How Airline Staffing Shortages Are Making Flying Increasingly More Dangerous

By Joseph Farago | 2 months ago

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In the beginning of the pandemic, many industries had to let go of their in-person staff. As unemployment offered better living wages for Americans, workers nationwide knew it was more advantageous to keep the biweekly checks instead of going back to minimum wage. As more industries began to offer higher wages and substantial benefits for their workers, staffing shortages began to die down. But between multiple COVID surges, services like the airline industry have continuously suffered from low staffing, which has made flying more dangerous.

Through various waves of staffing shortages, pilots and airline staff are taking on more hours than usual. This has led to pilot exhaustion, where those expected to operate the planes have worked too many hours to do their job safely. Both Delta and Southwest airlines have agreed that this is an issue, making flying dangerous for staff and passengers. This problem is so apparent at Southwest airlines that the Southwest Airlines Pilots Association made a statement this past week, pressuring executives to acknowledge and treat this fatigue.

The letter penned by the Southwest Airlines Pilots Association described fatigue as the “number-one safety threat” at the company currently. Pilots unable to stay alert during their flight could make flying extremely dangerous, a liability that airlines cannot afford to risk. The association stated that both unpredicted cancellations and accelerated flight demand pushed pilots past their limits. Not to mention, COVID is still a real threat that airline staff have been dealing with, which caused mass staff shortages in the early months of 2022.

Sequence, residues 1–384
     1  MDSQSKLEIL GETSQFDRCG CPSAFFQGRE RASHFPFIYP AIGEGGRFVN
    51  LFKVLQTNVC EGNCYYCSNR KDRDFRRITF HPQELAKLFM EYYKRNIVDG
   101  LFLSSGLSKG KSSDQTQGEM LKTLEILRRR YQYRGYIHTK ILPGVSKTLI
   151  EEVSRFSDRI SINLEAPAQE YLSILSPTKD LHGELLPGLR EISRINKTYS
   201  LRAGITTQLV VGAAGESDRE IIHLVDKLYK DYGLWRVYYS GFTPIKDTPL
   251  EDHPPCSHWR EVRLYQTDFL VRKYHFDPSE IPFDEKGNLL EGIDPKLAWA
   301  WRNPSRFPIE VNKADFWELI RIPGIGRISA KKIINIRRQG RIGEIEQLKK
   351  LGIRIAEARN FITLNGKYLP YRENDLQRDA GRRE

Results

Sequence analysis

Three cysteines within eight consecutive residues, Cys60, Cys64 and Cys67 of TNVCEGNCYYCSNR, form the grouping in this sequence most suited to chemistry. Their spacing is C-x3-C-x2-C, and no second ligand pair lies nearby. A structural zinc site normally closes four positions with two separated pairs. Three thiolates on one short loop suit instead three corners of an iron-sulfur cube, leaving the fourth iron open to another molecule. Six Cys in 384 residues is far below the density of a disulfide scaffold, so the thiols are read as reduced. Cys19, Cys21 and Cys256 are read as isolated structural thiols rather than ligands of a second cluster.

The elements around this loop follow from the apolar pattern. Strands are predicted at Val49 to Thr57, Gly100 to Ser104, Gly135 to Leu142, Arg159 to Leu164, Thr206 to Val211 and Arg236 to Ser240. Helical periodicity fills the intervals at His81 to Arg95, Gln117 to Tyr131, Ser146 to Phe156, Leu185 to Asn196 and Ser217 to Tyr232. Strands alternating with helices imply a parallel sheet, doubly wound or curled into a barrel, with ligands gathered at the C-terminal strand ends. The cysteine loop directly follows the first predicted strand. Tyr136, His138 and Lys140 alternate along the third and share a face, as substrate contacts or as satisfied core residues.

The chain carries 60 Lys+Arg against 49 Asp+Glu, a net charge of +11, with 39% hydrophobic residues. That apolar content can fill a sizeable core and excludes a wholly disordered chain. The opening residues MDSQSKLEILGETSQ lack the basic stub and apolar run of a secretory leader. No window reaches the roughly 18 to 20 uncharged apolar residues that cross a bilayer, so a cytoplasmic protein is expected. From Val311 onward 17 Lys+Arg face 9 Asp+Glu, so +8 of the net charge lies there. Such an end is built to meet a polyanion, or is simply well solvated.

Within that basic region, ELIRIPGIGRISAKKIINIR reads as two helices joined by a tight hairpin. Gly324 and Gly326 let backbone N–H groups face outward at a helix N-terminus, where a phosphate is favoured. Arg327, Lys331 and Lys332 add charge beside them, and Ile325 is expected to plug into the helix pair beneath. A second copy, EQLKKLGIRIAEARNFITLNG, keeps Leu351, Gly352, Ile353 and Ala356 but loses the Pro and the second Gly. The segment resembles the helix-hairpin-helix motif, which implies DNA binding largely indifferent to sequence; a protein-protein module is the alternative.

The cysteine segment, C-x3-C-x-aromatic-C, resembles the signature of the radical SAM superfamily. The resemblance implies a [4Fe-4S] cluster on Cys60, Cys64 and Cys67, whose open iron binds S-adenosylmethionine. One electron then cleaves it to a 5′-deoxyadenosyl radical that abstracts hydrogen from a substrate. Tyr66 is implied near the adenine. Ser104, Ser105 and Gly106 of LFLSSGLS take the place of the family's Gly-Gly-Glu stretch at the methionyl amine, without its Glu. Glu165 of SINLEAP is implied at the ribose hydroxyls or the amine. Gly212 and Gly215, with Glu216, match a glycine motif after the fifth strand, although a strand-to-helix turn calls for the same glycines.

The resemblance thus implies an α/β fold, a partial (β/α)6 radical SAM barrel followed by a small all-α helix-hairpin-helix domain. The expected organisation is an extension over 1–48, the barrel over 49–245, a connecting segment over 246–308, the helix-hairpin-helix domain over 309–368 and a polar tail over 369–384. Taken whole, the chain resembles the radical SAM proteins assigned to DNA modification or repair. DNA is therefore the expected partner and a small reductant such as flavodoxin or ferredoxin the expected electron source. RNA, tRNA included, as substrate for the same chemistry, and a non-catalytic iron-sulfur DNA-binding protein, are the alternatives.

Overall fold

The increased demand of flight travel has almost reached normal pre-pandemic levels. Flight tickets sold have reached 90% of 2019’s numbers, indicating that air travel is a desirable transportation option again. But escalating demand that doesn’t reconcile with the latest staffing concerns could make flying significantly more dangerous. According to data from the Transportation Security Administration, airlines nationwide are down by 3,000 people on average. Amongst pilots, many retired during the pandemic due to old age or insufficient wages. With many pilots leaving the profession, airlines are in a serious predicament.

Southwest Airlines are investing in new hires this year, hoping to offset the pilot-fatigue situation. The airline intends to hire 8,000 new people to fulfill critical roles, with 40% of those hires in the flight crews. But hiring isn’t the only issue when it comes to pilot exhaustion. President of the Southwest Airlines Pilots Association, Casey Murray, explained that a bigger issue is with scheduling and organizing. “Inefficient scheduling processes” in a fast-paced environment have led to many pilots’ over-exhaustion, making flying dangerous around the nation.

Though pilot exhaustion is a huge topic of conversation recently, this issue is not a new one for local airlines. In their letter, the Southwest union included that this was a problem back in October when documented fatigue inclined by 600%. These numbers continue to increase, making flying unequivocally dangerous. Pilots who reported difficulties from exhaustion went up 330% last month, indicating that this issue will only continue to grow if airlines don’t handle it soon.